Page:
Volkswagen CC Common Problems: Every now and then, Volkswagen goes out of their way to create something that is either completely out standing or something that follows a current trend and they feel like they have to offer the same style themselves. The Volkswagen CC is one of those cars, after Mercedes-Benz introduced their first CLS (the W219) everybody was talking about that slanted coupe-like roof that still came with four doors. The Volkswagen CC or the Passat CC as Europeans know it is a consequence of that trend. A four door sedan with a slanted coupe roof and sleek design for those consumers that simply would not settle for an ordinary Passat sedan that the CC is based on.
This article covers all the Volkswagen CC common problems ranging from those major issues you do not want to be dealing with and those smaller electronic nibbles that can be just as annoying.
Volkswagen CC Common Problems and Major Faults
- The 2.0T turbo petrol engines, offered both in Europe and USA are prone to intake manifold failures. This should not happen as most cars live their whole lives with their first intake manifold. That is why we call this a major fault. The intake manifolds on these engines mainly failed due to the faulty flap position sensors. The problems are recognized with professional diagnostics (P2015 fault code) and by random engine misfires and rough idling.
- Listing the common failures of the High-Pressure Fuel Pump as a major fault is reasonable as it will leave you stranded by the side of the road. Direct injection engines need a stream of high pressurized fuel in order to operate properly. Once the high-pressure fuel pump starts failing you might see the engine stutter, overheat or even go into limp mode.
- Like with the Audi A4 B8 we talked about before, the 2.0TDI diesel engines in the Volkswagen CC suffer from a leaky water pump. The housing of the water pump is entirely made out of plastic which under pressure and heat cracks and leaks. There was also a class action lawsuit against the VAG group for this exact problem.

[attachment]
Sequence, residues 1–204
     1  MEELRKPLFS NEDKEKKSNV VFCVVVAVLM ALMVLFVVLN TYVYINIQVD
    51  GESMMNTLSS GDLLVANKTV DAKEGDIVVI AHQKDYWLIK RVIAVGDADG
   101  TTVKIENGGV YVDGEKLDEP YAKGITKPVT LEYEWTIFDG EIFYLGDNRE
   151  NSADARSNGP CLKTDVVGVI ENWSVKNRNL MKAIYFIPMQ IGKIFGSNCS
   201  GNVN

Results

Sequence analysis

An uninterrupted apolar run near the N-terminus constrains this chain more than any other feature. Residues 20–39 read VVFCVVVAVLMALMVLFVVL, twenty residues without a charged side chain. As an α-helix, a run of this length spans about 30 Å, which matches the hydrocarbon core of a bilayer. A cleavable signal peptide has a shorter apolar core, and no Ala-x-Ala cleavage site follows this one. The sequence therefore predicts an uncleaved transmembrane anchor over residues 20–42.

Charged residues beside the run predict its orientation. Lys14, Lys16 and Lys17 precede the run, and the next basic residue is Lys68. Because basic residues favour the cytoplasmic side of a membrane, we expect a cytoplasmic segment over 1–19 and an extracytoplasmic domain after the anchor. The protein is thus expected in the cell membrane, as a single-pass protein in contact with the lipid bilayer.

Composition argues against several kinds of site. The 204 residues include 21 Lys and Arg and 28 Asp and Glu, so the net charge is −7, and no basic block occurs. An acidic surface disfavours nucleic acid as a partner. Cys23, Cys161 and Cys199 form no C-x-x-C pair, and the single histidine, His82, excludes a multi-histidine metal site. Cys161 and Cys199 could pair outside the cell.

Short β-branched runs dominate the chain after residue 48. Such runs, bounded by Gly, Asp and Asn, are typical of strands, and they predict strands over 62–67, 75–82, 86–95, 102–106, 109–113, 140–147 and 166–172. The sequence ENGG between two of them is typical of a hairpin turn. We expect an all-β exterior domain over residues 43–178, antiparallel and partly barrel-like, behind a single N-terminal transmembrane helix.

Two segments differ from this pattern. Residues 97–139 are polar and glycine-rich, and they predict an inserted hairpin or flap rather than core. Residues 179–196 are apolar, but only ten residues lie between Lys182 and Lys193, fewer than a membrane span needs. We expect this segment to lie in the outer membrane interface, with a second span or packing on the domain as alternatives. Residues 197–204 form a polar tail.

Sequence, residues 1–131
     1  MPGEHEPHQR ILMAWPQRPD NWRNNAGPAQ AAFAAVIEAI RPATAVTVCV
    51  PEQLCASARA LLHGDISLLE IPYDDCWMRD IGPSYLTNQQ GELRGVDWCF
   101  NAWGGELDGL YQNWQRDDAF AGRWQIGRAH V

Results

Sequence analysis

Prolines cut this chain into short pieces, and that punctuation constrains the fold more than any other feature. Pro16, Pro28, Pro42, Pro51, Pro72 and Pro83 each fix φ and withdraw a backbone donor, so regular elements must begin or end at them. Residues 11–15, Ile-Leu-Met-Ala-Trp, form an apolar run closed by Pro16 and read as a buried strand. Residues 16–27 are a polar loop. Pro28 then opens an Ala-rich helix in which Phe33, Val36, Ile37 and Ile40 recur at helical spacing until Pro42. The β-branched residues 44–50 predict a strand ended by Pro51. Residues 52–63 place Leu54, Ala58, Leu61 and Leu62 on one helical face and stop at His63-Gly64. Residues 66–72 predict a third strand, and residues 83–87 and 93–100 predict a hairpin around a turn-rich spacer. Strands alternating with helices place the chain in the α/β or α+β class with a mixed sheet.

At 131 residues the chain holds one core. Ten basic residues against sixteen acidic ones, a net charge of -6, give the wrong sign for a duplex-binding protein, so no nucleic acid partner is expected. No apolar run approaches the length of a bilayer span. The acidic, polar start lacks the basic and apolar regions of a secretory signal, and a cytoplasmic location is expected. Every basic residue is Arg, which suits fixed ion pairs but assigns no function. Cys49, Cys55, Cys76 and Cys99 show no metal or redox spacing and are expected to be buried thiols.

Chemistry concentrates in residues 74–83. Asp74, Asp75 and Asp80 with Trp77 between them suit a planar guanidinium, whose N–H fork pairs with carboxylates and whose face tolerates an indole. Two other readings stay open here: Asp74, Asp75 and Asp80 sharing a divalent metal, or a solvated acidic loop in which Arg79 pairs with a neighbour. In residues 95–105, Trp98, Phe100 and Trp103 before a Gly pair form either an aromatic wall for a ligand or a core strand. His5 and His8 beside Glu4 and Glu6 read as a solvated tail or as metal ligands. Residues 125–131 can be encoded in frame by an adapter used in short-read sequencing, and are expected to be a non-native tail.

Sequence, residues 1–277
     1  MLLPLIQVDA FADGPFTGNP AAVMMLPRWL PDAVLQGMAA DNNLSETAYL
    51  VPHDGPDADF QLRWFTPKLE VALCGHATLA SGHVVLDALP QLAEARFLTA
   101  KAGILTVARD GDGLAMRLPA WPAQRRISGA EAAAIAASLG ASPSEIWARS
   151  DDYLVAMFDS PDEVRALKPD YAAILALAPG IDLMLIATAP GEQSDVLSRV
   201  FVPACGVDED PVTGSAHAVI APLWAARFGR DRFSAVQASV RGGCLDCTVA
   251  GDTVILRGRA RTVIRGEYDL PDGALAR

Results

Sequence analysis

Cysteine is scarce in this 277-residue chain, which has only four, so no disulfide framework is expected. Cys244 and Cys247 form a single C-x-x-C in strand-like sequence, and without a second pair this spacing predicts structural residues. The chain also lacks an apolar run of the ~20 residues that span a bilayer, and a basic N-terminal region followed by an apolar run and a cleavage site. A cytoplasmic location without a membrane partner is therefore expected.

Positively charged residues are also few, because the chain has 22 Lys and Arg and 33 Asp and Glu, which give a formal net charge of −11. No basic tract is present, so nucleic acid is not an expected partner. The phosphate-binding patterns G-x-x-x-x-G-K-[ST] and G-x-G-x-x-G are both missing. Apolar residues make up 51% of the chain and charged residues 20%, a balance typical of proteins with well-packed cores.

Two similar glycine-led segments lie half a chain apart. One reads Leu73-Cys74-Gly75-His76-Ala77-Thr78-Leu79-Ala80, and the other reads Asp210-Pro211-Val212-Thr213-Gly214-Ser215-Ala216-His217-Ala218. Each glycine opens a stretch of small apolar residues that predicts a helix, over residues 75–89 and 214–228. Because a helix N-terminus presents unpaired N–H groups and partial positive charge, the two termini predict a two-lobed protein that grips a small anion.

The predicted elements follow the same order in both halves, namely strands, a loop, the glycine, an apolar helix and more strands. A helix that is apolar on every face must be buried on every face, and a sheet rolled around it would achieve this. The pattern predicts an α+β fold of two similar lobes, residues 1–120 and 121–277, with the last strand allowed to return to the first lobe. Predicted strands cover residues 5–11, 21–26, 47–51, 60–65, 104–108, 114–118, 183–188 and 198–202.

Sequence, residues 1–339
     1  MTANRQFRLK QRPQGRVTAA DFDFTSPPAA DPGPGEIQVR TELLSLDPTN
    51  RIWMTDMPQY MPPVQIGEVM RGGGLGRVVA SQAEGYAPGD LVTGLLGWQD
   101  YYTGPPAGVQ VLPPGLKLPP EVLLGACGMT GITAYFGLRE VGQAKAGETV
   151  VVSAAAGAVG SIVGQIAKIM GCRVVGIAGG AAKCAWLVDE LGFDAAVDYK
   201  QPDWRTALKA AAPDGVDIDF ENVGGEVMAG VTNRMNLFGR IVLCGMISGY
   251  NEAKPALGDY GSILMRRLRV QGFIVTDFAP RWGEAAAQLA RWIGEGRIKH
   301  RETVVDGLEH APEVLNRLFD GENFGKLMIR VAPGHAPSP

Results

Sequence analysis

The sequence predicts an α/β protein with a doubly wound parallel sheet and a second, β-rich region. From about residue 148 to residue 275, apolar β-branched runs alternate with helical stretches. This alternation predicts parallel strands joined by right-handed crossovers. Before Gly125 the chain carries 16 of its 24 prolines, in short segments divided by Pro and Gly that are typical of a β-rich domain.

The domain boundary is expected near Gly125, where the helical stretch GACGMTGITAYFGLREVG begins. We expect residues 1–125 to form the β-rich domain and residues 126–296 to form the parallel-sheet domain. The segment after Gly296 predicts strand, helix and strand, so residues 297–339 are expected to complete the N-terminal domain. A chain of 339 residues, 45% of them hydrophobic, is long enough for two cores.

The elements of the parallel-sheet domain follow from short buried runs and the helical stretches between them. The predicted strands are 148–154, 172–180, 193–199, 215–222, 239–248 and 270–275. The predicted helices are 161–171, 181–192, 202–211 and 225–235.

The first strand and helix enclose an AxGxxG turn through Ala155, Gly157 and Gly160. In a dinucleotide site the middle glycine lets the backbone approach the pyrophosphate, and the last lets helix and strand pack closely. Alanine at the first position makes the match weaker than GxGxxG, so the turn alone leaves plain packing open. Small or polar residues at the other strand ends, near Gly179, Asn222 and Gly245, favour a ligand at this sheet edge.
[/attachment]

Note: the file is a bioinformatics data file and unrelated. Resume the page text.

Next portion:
- When buying a Volkswagen CC with the dual-clutch DSG transmission make sure it works as it should! Many of these cars are sold when bigger transmission issues arise. Many owners experience early transmission clutch wear (there are two “wet” clutches). Some gearboxes also fail completely if the damage and maintenance is neglected. Make sure that the vehicle has had all the transmission maintenance done.
- The CC and its 1.4TSI, 1.8TSI and 2.0TSI engines were all prone to the failing timing chain tensioners and timing chains. Some of these problems arise quickly (as soon as 20,000 miles). You can read more about the situation here. When buying these engines make sure there is no rattle at the startup and ask the seller about the previous timing chain maintenance .
- A common minor fault of all engines in the lineup are failing ignition coils. These usually fail due to normal wear but they do fail faster if the engine has been remapped or in other way modified. A symptom of bad ignition coils are misfires, check engine light, rough idling etc.
- Many owners report excessive wear of front tires and front suspension parts.
- N80 valve malfunction and failure. The N80 valve is necessary for managing the fuel vapors that get left in the combustion chamber. The surplus fuel vapors are sucked out by the EVAP system to be disposed of. If the N80 valve is not functioning properly the engine can alarm you by displaying the check engine light on the dashboard. You might also see a rough engine operation and bad fuel economy.